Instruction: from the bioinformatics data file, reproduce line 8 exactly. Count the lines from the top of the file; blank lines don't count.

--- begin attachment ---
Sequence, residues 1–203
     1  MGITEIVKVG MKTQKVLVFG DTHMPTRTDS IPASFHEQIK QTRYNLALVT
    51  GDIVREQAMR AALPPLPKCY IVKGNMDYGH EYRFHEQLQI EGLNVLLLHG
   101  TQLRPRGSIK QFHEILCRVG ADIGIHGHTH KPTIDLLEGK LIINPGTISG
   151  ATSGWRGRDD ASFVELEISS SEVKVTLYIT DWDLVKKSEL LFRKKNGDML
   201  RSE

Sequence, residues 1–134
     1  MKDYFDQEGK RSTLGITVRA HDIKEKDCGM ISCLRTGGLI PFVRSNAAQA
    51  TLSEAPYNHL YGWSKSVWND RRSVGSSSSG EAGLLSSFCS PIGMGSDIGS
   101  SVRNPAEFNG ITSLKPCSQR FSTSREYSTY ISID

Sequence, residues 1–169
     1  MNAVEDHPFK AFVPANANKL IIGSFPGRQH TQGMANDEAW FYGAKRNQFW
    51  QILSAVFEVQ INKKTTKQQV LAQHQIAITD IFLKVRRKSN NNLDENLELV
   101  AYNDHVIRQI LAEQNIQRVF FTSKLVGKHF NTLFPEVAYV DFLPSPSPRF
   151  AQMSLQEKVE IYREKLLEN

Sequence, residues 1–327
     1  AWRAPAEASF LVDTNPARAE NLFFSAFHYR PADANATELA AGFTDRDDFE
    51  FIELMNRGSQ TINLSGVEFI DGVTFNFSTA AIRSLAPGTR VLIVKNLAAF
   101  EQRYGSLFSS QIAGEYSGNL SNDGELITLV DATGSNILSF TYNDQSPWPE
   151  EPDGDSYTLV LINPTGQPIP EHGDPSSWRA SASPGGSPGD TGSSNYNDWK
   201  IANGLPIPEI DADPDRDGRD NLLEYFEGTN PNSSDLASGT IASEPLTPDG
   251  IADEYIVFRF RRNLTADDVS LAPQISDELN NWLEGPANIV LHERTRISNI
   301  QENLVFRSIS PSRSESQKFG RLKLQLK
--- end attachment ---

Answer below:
     1  MKDYFDQEGK RSTLGITVRA HDIKEKDCGM ISCLRTGGLI PFVRSNAAQA